Critchley describes Beckett’s humor as having an anti-depressant quality, and while I have strong reservations about his further claim that it is meant to redemptively reconcile us with the pain and finitude of existence, I agree that Beckett’s texts have major psychosomatic effects on readers and spectators. To be clear, in my view, Beckett’s texts do not reconcile us with either the pain of existence or of specific forms of personal/ historical trauma, and they decidedly reject acceptance or redemption. What they do instead is activate empowering forms of solidarity by using angry, action-oriented forms of laughter to trigger reassessments of all ossified cognitive frames that connect safety and happiness to sameness and obedience. Beckett’s radically progressive and prosocial angry laughter—of defiant solidarity with victims of oppression and injustice and full rejection of socio-historical justifications of oppression and pain—remains, in my reading, the dominant affect, even in many of Beckett’s darker later works.

It is from this perspective that my JML essay approaches Beckett’s The Lost Ones as an angry enactment and not a contained critical representation of socio-politically functional notions of “social cohesion” predicated on economic, racial, gender, and sexual considerations. In my view, the play foregrounds not just related attitudes and practices’ harmful nature but also their aggregate function, their interconnected machinic articulation, which allows them to wield crushing power yet also makes them vulnerable to generalized sabotage.

As my essay shows, the text’s long-winded explanations, conspicuously rich in self-satisfied, pedantic-to-malicious caveats, understatements, and repetitions, emanate unreliability, voyeurism, and cruelty in their falsely objective defense of practices evocative of real-life economic instrumentalizations of the human body, racially justified forms of mistreatment, and gender-based discrimination and violence. The Lost Ones provides, to conclude, not a meditative critique but an angry diagrammatic attack on the violence of abstraction. Given today’s increasing focus on intersectional approaches to social justice and increasing anti-corporate sentiment, such utterly corrosive Beckett texts are even more likely to trigger intense mobilizations of reader affect now than when they were originally written.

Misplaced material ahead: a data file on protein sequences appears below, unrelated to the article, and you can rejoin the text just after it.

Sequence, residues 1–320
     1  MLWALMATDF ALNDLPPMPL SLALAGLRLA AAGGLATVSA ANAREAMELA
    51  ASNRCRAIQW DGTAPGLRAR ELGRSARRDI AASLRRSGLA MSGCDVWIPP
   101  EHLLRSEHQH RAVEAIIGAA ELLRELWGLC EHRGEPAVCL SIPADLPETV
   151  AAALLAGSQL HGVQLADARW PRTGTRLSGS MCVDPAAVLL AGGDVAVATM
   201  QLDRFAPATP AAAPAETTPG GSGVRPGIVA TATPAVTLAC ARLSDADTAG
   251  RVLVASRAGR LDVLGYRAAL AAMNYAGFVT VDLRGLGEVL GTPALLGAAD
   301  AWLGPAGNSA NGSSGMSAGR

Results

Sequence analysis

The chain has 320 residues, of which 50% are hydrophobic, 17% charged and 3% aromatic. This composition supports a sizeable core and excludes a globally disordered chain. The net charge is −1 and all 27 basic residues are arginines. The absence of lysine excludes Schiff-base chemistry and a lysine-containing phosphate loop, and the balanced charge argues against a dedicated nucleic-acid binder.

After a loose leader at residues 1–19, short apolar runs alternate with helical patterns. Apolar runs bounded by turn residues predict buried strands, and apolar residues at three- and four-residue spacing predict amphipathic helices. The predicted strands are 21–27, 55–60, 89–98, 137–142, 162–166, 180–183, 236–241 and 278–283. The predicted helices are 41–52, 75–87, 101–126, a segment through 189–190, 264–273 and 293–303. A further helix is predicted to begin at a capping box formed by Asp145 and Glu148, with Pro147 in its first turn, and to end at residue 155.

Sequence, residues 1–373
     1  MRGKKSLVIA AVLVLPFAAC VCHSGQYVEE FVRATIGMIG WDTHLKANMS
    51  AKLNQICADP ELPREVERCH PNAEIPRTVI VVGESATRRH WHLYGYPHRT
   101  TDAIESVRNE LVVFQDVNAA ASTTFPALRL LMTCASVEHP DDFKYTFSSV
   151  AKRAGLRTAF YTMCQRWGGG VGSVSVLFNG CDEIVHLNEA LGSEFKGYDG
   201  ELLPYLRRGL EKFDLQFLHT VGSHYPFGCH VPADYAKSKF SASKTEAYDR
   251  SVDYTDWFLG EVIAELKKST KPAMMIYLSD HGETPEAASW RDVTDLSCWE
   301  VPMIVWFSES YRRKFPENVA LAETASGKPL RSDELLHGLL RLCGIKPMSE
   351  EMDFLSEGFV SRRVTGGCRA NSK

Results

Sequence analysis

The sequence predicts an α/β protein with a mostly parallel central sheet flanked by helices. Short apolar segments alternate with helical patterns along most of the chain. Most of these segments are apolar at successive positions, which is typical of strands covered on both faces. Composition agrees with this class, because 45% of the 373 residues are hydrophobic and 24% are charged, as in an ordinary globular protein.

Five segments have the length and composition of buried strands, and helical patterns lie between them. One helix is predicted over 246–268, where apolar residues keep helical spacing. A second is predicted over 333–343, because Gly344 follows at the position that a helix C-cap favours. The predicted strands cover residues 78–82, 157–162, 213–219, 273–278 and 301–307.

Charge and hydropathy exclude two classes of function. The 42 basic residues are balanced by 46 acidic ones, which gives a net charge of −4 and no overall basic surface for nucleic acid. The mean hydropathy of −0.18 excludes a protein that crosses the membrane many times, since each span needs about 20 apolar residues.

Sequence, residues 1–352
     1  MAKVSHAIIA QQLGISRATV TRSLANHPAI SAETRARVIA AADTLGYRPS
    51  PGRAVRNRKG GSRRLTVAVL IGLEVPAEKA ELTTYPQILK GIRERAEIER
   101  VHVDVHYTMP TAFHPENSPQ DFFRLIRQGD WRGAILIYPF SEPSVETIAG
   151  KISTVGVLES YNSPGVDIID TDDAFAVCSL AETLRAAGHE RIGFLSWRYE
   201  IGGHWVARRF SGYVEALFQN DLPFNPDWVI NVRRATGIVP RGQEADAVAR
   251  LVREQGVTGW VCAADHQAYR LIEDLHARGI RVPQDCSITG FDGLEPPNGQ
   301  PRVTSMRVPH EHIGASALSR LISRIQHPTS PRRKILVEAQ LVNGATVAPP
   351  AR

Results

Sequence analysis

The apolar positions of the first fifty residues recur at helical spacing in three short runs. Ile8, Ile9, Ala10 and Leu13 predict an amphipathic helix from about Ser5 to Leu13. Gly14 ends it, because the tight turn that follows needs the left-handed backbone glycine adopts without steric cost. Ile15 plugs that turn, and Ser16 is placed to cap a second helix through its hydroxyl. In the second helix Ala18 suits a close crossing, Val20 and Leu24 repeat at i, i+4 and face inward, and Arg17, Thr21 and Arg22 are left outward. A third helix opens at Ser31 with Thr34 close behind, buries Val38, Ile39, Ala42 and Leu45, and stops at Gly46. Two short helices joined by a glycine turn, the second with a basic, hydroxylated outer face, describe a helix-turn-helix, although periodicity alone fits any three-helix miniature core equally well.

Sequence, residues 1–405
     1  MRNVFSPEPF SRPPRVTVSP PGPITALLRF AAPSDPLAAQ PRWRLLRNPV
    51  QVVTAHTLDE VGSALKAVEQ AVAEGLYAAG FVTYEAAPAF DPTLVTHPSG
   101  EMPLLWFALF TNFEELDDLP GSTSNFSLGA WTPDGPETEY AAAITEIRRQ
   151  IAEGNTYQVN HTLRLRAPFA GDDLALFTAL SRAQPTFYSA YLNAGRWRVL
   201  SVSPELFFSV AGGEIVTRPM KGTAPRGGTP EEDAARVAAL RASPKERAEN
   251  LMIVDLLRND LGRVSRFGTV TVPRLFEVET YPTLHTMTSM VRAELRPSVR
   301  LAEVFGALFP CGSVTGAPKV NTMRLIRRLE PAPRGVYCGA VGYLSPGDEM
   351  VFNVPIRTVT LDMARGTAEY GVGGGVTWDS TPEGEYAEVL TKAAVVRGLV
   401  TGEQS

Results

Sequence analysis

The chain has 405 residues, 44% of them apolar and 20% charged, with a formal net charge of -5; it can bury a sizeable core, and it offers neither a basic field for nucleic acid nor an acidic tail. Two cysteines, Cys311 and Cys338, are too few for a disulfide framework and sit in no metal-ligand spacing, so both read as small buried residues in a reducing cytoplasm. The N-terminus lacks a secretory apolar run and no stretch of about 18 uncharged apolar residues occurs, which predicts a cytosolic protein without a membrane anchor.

Works Cited

  • Critchley, Simon. On Humour. Routledge, 2002.
  • —. Very Little, Almost Nothing: Death, Philosophy, Literature. Routledge, 2004.
  • Deleuze, Gilles, and Félix Guattari. Anti-Oedipus: Capitalism and Schizophrenia. Translated by Robert Hurley, Mark Seem, and Helen R. Lane. U of Minnesota P, 1983.
  • —. A Thousand Plateaux: Capitalism and Schizophrenia. Translated by Brian Massumi. U of Minnesota P, 1987.

Cristina Ionica teaches English, theory, film, and communication courses at Fanshawe College and Western University (London, Ontario). Her book The Affects, Cognition, and Politics of Samuel Beckett’s Postwar Drama and Fiction: Revolutionary and Evolutionary Paradoxes appeared in the Palgrave series “Interpretations of Beckett in the Twenty-First Century.” She contributed research essays to the collection Modernism, Theory, and Responsible Reading: A Critical Conversation, edited by Stephen Ross, and to the journals English Studies in Canada, Angelaki: Journal of the Theoretical Humanities, Modern Language Studies, Critique: Studies in Contemporary Fiction, Literature Interpretation Theory, and Horror Studies.

The Rise of the Human Rights photo courtesy of Adobe Stock Images.